Maybe it’s because this week’s lectionary text is the Walk to Emmaus in Luke 24:13-35. Or maybe it’s because the whole Easter season is a journey that begins with the empty tomb and the Risen Lord. But for some reason I’ve been thinking about journeys and ways we can remember where we’re headed and why.
There is a story about Albert Einstein, the great physicist who taught at Princeton for many years. He was on a train and the conductor came through to collect the tickets. The great man searched his pockets and came up with nothing. The conductor said, “Sir, I’ll come back through and let’s hope you’ve found it by then.” When the conductor came back down the aisle, there was Dr. Einstein, his hair even more disheveled than usual, down on his hands and knees searching for the ticket under the seat.
Suddenly, his identity dawned on the conductor. “Oh, Dr. Einstein, it’s you!” he exclaimed.
“Never mind about finding your ticket. I trust you. I trust that you haven’t sneaked onto the train without paying.”
“It’s not a matter of trust,” said Einstein. “If I don’t find that ticket, I have no idea where I’m going!”
A friend of mine who collects these sorts of things, recently gave me a ticket to a Wesleyan class meeting. Wesley established small groups called bands or classes in 1739 for people to meet weekly to encourage one another in their walk of faith and to hold one another accountable. For a time, he signed the tickets with his own hand, reissuing them every three months for those who had been faithful to their commitment. Maybe this gift wouldn’t have been that exciting to lots of people. But I have a little statue of Wesley on his horse that I bought in the gift shop when I toured his home in Epworth, England last year. I have all his sermons and journals and several biographies. I admit to being, for lack of a better term, a Wesley nerd. So you can see how being given a ticket, an original ticket to one of his society meetings, would cause my heart to flutter.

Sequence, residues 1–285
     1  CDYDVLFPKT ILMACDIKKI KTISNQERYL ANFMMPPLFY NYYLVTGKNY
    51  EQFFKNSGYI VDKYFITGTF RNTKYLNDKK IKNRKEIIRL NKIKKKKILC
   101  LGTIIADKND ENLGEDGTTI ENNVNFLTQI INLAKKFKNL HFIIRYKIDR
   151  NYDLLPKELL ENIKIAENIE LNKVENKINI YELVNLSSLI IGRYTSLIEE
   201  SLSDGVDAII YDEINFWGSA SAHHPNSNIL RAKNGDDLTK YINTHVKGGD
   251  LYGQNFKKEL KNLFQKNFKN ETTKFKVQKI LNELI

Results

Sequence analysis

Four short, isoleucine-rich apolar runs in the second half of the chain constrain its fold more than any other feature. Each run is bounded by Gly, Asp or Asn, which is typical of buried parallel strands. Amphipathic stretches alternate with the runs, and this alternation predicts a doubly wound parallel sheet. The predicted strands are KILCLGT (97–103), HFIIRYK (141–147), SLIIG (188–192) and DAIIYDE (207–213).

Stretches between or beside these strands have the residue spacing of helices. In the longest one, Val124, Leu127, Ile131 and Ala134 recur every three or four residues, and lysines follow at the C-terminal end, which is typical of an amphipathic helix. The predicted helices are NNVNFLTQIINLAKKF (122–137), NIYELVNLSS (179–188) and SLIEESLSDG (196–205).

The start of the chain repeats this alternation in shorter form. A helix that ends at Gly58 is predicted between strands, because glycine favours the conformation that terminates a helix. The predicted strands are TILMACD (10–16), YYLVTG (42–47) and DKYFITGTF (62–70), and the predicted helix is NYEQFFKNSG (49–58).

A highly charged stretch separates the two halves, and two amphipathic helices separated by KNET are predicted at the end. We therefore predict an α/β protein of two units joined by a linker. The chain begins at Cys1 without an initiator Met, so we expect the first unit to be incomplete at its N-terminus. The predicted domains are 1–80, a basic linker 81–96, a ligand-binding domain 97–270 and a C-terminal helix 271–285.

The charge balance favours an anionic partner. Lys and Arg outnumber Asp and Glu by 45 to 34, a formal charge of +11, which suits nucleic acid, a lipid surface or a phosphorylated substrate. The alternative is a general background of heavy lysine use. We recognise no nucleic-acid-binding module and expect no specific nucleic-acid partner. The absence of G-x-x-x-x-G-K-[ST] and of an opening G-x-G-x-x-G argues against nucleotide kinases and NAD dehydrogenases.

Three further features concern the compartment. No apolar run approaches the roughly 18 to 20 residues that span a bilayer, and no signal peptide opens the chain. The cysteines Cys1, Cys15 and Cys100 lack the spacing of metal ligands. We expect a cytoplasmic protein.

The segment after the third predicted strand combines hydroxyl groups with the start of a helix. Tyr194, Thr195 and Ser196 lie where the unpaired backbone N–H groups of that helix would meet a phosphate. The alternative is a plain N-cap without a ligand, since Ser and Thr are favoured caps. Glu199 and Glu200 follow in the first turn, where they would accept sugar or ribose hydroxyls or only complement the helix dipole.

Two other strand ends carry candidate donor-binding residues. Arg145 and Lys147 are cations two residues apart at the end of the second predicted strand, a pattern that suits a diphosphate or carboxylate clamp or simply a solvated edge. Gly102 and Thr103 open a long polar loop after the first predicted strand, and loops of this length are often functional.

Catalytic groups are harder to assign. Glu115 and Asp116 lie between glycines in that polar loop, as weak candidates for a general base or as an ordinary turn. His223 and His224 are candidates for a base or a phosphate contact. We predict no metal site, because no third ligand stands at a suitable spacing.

As you can see, the name of the ticket holder is James Hart. Who signed it is an open question. Not Wesley (1703-1791), since he would have been 126 years old by 1829! Perhaps the leader of the group signed the ticket. Perhaps James Hart himself signed it.
I tried to analyze why I was so excited about receiving this gift. It’s not like it’s a ticket to salvation like a ticket to a playoff game or a rock concert. It’s not a guarantee of anyone’s entry into heaven. I take it to be a sign that we’re willing to respond to God’s RSVP. It’s our checking the “Will Attend” box on the divine evite.
Now that I have the ticket, I’m worried about losing it. Right now, it’s encased in a plastic sleeve, sitting on my bookcase next to my prayer chair. But, what if moisture somehow gets inside the plastic and destroys my ticket? What can I do to prevent that, to preserve it? Should I frame it? I think I’ll consult with Timothy Binkley, the archivist at Bridwell Library at Southern Methodist University where I teach. Surely he’ll know how to preserve a ticket. It’s strange to wonder what I would do if I lost something I didn’t even have until two weeks ago.
Somehow it must go deeper than that. The ticket must be a reminder of an invitation I’ve had all along but haven’t always recognized or responded to. The ticket reminds me of the fact that James Hart received an invitation 175 years or so ago. It reminds me of the fact that I’ve had God’s invitation since I was born. My parents answered it on my behalf at my baptism when I was an infant. I answered it for myself at my confirmation. The invitation and my response are renewed when I participate in the sacraments of the Lord’s Supper and baptism, when I pray, alone and with others, when I attend worship, when I study the Scriptures and engage in acts of kindness and service in my community.
To hold the ticket in my hand is to go back way before a man named James Hart attending weekly meetings in the winter of 1829, way back to God hovering over the dust and breathing into us the breath of life, way back to a ragtag group of slaves walking to freedom through the sea, way back to a man breaking bread, blessing it and saying, “This is my body, way back to an empty tomb and a Risen Lord, way back to a journey of disappointed hopes that becomes a journey of joy once we recognize who it is that walks at our side.
To hold the ticket in my hand is to marvel at how something that old can be this new.